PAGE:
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Author Paranunzio, R.; Ceola, S.; Laio, F.; Montanari, A. url  doi
openurl 
  Title Evaluating the Effects of Urbanization Evolution on Air Temperature Trends Using Nightlight Satellite Data Type Journal Article
  Year 2019 Publication Atmosphere Abbreviated Journal Atmosphere  
  Volume 10 Issue 3 Pages 117  
  Keywords Remote Sensing  
  Abstract Confounding factors like urbanization and land-use change could introduce uncertainty to the estimation of global temperature trends related to climate change. In this work, we introduce a new way to investigate the nexus between temporal trends of temperature and urbanization data at the global scale in the period from 1992 to 2013. We analyze air temperature data recorded from more than 5000 weather stations worldwide and nightlight satellite measurements as a proxy for urbanization. By means of a range of statistical methods, our results quantify and outline that the temporal evolution of urbanization affects temperature trends at multiple spatial scales with significant differences at regional and continental scales. A statistically significant agreement in temperature and nightlight trends is detected, especially in low and middle-income regions, where urbanization is rapidly growing. Conversely, in continents such as Europe and North America, increases in temperature trends are typically detected along with non-significant nightlight trends.  
  Address  
  Corporate Author Thesis  
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  Language (up) Summary Language Original Title  
  Series Editor Series Title Abbreviated Series Title  
  Series Volume Series Issue Edition  
  ISSN 2073-4433 ISBN Medium  
  Area Expedition Conference  
  Notes Approved no  
  Call Number GFZ @ kyba @ Serial 2249  
Permanent link to this record
 

 
Author Cochard, P.; Galstian, T.; Cloutier, C. url  doi
openurl 
  Title The proportion of blue light affects parasitoid wasp behavior in LED-extended photoperiod in greenhouses: Increased parasitism and offspring sex ratio bias Type Journal Article
  Year 2019 Publication Biological Control Abbreviated Journal Biological Control  
  Volume 133 Issue Pages 9-17  
  Keywords Animals  
  Abstract The increasing use of specific wavelengths involving light-emitting diodes (LEDs) under greenhouses enables to overcome the lack of light during winter months, helping crops photosynthesis or vegetative growth. However, modification of the light environment as well as the photoperiod may also alter directly or indirectly the activity of both beneficial and pest insects that depend on plants. Here, we submitted the parasitic wasp Aphidius ervi and its main host the pea aphid, to 4 ratios of red(R): blue(B) LEDs used to lengthen the photoperiod inside a growth chamber. We recorded the parasitism rate of aphids and the sex ratio of newly emerged wasps to evaluate if A. ervi could remain an efficient biological control agent under modified light environments. We found that increasing the 8 h of photophase to 16 h by supplementing with R/B LEDs increased the daily parasitic activity of the wasp as well as their egg laying behavior. Under the 100R light supplement, about 80% of the emerged adults were males, against 50% under 25R:75B light treatment. These results indicate that A. ervi remains a good biological control agent when the light environment is modified. However, the use of red light to extend the photophase has the potential to negatively affect population dynamics of these parasitoids due to its male-bias impact on the sex ratio.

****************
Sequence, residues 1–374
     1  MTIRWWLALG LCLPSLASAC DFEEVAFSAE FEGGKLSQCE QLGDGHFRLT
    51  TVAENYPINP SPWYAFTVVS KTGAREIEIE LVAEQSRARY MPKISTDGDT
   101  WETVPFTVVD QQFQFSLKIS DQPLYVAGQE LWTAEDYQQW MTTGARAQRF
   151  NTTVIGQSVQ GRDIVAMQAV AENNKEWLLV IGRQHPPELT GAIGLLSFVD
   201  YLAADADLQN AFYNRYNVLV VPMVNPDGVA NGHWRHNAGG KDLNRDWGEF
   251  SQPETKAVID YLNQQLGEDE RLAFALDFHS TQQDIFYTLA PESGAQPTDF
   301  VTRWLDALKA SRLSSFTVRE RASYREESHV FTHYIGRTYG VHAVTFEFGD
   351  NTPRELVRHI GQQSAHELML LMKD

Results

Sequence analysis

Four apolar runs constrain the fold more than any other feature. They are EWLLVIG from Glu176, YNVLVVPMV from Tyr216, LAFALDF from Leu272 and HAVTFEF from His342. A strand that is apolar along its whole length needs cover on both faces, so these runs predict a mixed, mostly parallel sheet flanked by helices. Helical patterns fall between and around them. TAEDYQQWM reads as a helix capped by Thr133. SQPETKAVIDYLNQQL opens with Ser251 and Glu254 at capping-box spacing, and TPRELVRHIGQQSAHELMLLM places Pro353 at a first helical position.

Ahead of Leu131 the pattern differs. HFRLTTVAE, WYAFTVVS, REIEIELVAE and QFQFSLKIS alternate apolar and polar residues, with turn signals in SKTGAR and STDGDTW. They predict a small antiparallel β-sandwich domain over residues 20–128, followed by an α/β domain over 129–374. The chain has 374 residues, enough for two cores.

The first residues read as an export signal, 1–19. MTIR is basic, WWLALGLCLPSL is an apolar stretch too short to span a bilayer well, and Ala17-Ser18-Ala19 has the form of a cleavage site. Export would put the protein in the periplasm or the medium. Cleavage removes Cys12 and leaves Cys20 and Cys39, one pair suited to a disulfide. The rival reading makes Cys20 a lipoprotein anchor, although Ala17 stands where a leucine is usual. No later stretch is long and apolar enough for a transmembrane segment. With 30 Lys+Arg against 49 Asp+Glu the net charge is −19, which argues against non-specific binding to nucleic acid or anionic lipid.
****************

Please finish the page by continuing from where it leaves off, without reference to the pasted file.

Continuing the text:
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  Language (up) Summary Language Original Title  
  Series Editor Series Title Abbreviated Series Title  
  Series Volume Series Issue Edition  
  ISSN 1049-9644 ISBN Medium  
  Area Expedition Conference  
  Notes Approved no  
  Call Number GFZ @ kyba @ Serial 2253  
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Author Rebke, M.; Dierschke, V.; Weiner, C.N.; Aumüller, R.; Hill, K.; Hill, R. url  doi
openurl 
  Title Attraction of nocturnally migrating birds to artificial light: The influence of colour, intensity and blinking mode under different cloud cover conditions Type Journal Article
  Year 2019 Publication Biological Conservation Abbreviated Journal Biological Conservation  
  Volume 233 Issue Pages 220-227  
  Keywords Animals  
  Abstract A growing number of offshore wind farms have led to a tremendous increase in artificial lighting in the marine environment. This study disentangles the connection of light characteristics, which potentially influence the reaction of nocturnally migrating passerines to artificial illumination under different cloud cover conditions. In a spotlight experiment on a North Sea island, birds were exposed to combinations of light colour (red, yellow, green, blue, white), intensity (half, full) and blinking mode (intermittent, continuous) while measuring their number close to the light source with thermal imaging cameras.